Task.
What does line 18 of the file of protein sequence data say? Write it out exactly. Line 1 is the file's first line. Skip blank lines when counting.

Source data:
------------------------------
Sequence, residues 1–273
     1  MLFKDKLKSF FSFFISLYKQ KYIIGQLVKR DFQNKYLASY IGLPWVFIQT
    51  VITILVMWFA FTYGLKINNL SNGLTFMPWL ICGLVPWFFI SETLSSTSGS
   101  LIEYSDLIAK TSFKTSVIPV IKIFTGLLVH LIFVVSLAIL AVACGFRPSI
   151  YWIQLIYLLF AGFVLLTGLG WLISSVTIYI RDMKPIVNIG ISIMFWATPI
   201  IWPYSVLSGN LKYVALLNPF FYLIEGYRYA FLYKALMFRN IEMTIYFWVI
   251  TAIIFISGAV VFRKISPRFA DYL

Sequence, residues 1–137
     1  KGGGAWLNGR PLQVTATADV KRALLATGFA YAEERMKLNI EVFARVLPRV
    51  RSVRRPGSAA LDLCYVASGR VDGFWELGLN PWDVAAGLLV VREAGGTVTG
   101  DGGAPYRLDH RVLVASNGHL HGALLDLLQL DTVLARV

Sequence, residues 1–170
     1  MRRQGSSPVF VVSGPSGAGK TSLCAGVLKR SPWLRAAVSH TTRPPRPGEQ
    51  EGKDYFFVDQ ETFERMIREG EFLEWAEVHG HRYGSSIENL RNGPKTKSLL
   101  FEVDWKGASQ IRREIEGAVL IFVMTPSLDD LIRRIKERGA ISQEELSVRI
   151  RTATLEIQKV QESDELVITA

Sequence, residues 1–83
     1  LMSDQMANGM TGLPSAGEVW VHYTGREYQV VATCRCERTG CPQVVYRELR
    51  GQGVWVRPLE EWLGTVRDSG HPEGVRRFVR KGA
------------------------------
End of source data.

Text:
     1  LMSDQMANGM TGLPSAGEVW VHYTGREYQV VATCRCERTG CPQVVYRELR